Contrary views, which have been labelled as “State Department Arabists” in many accounts, came from Secretary of State George Marshall, as well as Dean Acheson, Robert Lovett, George Kennan, Loy Henderson and other officials. Judis is clearly partial to their arguments, and asserts convincingly that their views were not anti-Semitic or pro-Arab but, rather, based more on fear of a bloodbath or dispossession of one side and a long-term unsolvable conflict, which is, of course, what happened.
Truman’s traditional no-nonsense and pro-Israel persona suffers a battering in this account. Truman appears reluctant to support a Jewish state and holds on far too long to the Morrison-Grady plan of 1946, which would have admitted 100,000 Jewish refugees to Palestine and continued the British Mandate or a trusteeship. He continually accedes to Zionist pressure and then claims he hasn’t. The buck never stops, least of all with him.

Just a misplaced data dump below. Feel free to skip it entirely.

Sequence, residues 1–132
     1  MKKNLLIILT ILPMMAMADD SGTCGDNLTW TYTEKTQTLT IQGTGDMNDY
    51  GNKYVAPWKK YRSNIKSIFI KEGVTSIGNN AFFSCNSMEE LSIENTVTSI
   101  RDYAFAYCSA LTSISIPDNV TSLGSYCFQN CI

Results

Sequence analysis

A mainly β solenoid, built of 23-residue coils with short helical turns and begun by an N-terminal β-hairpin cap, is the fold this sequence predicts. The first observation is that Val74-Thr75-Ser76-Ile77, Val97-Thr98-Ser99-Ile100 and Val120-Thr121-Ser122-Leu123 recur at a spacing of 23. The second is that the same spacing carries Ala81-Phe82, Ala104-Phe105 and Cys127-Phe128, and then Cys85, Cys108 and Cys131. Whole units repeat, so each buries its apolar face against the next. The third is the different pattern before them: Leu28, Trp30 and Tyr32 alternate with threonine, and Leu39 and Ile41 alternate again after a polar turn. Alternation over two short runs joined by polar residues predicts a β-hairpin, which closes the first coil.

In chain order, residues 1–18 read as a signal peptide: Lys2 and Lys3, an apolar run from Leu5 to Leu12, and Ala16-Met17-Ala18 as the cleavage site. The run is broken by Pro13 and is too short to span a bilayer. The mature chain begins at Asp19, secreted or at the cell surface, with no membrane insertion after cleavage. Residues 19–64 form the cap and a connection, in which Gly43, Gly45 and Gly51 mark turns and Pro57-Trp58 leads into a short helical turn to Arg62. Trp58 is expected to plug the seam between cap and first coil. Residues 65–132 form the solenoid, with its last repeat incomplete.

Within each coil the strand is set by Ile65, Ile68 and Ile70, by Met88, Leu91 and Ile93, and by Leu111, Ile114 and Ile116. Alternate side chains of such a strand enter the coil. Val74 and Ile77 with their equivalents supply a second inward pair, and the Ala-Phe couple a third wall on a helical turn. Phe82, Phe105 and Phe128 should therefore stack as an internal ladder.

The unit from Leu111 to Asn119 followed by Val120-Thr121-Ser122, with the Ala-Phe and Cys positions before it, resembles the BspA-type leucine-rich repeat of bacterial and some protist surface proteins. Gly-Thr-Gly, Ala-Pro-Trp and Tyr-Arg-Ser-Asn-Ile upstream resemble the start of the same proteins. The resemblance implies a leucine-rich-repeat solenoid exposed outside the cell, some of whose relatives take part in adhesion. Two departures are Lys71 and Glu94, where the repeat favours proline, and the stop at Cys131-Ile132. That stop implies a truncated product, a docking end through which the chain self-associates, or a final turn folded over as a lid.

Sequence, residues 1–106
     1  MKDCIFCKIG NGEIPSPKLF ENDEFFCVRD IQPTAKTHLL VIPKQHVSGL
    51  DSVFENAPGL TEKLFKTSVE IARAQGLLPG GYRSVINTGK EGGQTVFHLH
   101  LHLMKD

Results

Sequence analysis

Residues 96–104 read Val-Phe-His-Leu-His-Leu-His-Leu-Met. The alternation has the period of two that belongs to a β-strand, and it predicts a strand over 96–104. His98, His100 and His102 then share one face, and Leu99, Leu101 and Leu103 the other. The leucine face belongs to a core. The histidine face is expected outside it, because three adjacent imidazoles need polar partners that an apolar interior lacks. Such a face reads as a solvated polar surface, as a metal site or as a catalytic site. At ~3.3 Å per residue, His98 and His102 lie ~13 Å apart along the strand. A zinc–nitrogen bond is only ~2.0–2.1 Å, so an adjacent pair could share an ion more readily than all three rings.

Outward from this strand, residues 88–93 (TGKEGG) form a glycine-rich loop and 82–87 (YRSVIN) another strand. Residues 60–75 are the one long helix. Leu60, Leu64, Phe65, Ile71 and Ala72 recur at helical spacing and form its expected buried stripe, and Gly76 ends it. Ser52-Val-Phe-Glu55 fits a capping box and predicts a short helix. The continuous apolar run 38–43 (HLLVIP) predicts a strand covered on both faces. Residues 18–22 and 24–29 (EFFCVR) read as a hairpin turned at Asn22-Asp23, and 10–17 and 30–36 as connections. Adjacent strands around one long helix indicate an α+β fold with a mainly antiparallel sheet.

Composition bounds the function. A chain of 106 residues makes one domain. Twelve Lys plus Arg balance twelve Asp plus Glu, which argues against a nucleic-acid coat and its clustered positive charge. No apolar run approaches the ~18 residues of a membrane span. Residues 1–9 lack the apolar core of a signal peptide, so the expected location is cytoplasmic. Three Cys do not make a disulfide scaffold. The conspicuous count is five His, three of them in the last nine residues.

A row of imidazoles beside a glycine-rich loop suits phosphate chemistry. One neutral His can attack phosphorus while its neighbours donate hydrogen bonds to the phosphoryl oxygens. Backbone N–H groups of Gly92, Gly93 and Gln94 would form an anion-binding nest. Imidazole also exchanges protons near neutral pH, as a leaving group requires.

Judis confides his perplexity that the main American supporters of Zionism and Israel before, during, and for many years after the 1940s were leading American liberals who watched out for the underdog on every other public issue. Lewis Brandeis, Abba Hillel Silver, Stephen Wise, Eleanor Roosevelt, and others (Jews and non-Jews alike) were leaders in demanding rights for all portions of American society. Yet they evinced no recognition that Zionism involved, in practice, dispossessing the Palestinian Arabs of their homeland, and were unable to see any questionable moral dimension, regarding morality as only on the Jewish side. Judis points out that many of them were heirs and leaders of the universalistic Reform Jewish tradition, with which he identifies. Here is where I think Judis’s rationalist understanding of that stream of Judaism plays him false.